6 Quick Movie Reviews

Publish date:

Every once in a while, the stars align in little ways that turn out to be AWESOME... like when A) you're off work for a week, and B) your parents are in town, so you C) get to spend the week seeing a ton of movies. This never happens... I mean, I like to see a lot of movies, but in the past few days, I've seen 6 movies-- nirvana!

I've seen some GREAT stuff and some HORRIBLE stuff, so I just wanted to give you guys the quick rundown of what I saw...

Amreeka - Not as self-important or touchy-feely as the premise might make you think, this is an honest look at the challenges a Middle Eastern immigrant and her son face when they move to a small town in Illinois. Don't be fooled by the reviews and summaries that say it's a comedy about a woman who begins making falafel at her local White Castle-- that little plot point lasts all of about 15 seconds, and it's not that funny. The script has a bit of ADD, constantly jumping about between storylines without really exploring any of them, but the performances are strong and it's just strong enough, funny enough, and poignant enough to keep your interest for an hour and a half.

Extract - Few people do a better job at revering, celebrating, and skewering middle America than Mike Judge, and while this isn't as tight or funny as Office Space or King of the Hill, it's got some great moments. Jason Bateman is terrific as the bored owner of a vanilla extract plant who hires a gigolo to sleep with his wife so he won't feel guilty about having his own affair. The plot meanders a bit, and while the B-story of a con artist trying to swindle the company never really coalesces into anything, it's still fun. And Mila Kunis is nice to look at.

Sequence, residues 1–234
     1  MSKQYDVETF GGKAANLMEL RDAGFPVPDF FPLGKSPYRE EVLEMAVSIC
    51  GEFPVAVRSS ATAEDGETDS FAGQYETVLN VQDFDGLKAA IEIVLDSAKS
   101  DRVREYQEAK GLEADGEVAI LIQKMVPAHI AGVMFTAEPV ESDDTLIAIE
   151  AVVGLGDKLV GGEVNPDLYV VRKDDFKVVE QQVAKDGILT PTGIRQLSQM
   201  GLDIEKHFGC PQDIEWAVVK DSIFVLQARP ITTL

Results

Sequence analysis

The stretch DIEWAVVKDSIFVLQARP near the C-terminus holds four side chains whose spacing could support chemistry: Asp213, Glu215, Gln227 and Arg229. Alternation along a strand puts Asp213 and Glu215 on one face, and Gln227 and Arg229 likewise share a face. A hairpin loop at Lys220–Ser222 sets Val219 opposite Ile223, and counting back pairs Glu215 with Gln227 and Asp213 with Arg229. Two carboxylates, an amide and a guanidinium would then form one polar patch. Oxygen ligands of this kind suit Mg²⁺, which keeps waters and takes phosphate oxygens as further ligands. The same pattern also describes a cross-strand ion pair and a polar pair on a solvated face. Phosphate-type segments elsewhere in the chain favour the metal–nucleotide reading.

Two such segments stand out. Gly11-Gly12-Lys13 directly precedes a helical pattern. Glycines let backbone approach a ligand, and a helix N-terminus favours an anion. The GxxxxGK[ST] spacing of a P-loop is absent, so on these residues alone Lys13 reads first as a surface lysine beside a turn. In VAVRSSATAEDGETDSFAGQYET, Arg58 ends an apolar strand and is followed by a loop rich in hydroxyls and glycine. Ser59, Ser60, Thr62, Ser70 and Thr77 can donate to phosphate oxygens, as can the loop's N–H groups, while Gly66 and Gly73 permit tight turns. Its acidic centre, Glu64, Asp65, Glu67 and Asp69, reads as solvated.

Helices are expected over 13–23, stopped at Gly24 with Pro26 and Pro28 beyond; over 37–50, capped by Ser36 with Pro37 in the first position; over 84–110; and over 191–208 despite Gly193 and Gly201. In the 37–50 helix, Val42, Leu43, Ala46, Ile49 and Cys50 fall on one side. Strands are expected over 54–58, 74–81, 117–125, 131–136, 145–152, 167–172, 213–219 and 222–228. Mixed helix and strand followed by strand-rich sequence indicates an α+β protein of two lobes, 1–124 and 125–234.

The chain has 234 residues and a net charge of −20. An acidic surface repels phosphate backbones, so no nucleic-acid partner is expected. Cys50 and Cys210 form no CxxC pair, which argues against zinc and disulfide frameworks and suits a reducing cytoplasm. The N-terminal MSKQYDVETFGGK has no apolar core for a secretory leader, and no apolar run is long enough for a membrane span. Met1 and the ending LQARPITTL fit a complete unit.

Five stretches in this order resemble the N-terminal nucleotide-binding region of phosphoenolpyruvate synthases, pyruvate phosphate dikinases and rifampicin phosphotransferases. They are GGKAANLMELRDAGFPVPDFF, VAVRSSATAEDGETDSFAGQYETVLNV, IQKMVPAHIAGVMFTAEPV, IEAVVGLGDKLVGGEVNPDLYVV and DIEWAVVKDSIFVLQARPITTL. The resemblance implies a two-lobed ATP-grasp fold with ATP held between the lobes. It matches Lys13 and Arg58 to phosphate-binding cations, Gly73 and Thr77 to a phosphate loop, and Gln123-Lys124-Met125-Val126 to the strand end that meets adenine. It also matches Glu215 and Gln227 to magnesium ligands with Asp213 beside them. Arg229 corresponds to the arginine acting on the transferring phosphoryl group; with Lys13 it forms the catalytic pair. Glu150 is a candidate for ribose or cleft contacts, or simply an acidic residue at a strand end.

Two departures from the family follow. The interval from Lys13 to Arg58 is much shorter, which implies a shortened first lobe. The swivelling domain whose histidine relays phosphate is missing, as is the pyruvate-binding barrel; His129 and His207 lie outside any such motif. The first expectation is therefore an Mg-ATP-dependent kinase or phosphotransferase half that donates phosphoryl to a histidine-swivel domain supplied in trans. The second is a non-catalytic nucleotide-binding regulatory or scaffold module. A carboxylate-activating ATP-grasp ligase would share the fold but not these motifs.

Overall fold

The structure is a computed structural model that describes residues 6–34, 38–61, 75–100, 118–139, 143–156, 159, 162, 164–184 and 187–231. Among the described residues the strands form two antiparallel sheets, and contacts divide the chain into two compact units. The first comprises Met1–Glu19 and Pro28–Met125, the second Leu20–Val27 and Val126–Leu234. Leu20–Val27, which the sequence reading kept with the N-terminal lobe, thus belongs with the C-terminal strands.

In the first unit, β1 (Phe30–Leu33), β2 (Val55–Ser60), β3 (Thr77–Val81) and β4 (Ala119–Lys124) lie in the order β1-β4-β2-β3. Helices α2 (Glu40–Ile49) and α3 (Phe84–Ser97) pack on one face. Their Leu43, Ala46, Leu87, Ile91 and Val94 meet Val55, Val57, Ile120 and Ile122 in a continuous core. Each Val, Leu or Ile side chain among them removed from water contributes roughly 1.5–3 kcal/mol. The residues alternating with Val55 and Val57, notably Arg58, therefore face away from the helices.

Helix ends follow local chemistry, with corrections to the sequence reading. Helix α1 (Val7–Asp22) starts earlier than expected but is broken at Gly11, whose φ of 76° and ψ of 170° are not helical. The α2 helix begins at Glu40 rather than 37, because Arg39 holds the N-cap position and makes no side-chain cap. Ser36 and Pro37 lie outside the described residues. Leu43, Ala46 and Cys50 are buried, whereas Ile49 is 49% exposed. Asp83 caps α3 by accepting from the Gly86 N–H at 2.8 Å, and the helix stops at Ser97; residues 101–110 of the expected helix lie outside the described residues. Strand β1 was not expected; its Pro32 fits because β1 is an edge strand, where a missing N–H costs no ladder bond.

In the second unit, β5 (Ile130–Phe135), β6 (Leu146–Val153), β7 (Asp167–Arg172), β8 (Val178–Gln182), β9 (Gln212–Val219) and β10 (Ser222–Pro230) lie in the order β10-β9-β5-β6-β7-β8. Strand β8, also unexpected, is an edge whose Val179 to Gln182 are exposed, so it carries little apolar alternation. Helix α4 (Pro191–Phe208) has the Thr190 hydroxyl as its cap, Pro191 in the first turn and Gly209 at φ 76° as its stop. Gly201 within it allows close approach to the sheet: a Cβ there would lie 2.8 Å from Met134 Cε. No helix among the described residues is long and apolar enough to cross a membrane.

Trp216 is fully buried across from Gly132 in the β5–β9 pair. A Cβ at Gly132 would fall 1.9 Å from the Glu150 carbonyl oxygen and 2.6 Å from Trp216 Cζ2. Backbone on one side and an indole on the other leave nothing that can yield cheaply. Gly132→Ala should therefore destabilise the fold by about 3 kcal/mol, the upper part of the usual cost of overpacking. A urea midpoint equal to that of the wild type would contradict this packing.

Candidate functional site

State of Play
- To be honest, I was ready to hate this movie... if for no other reason than it has Russell Crowe in it... who, yes, is a great actor, but is such a dick in real life that I never want to like his movies (to be fair, I've never met him in person-- he always just seems like a dick, throwing phones, beating people up, etc.). But I can't lie... I liked it. Based on a British TV series, this story of two reporters (Russell Crowe and Rachel McAdams) who discover a corporate conspiracy behind the murder of a congressional aid is a solid B+ political thriller. The bad guys are never quite as evil as you'd like, the conspiracy never quite as sinister, the danger for our heroes never quite as scary... but it keeps the twists and turns coming right till the end.

My One and Only - How this turd of a movie got 73% on Rotten Tomatoes is beyond me. A biopic of George Hamilton's early years (does anyone care?), the story follows George, his brother, and their flighty mother (Renee Zellweger) as they road trip across the country in search of a new husband/father, a home, a sugar-daddy, a job, anything. The rambling script strings together a series of encounters with random characters, but never explores any long enough to become truly interesting. Most of the performances are banal at best, and mugging at worst (Chris Noth in a cliched role as an abusive military man who almost marries Zellweger, and J.C. MacKenzie as a stereotypical gay teenager). (Although I will say that Logan Lerman, who plays George, does a decent job.) Trust me on this: STAY AWAY.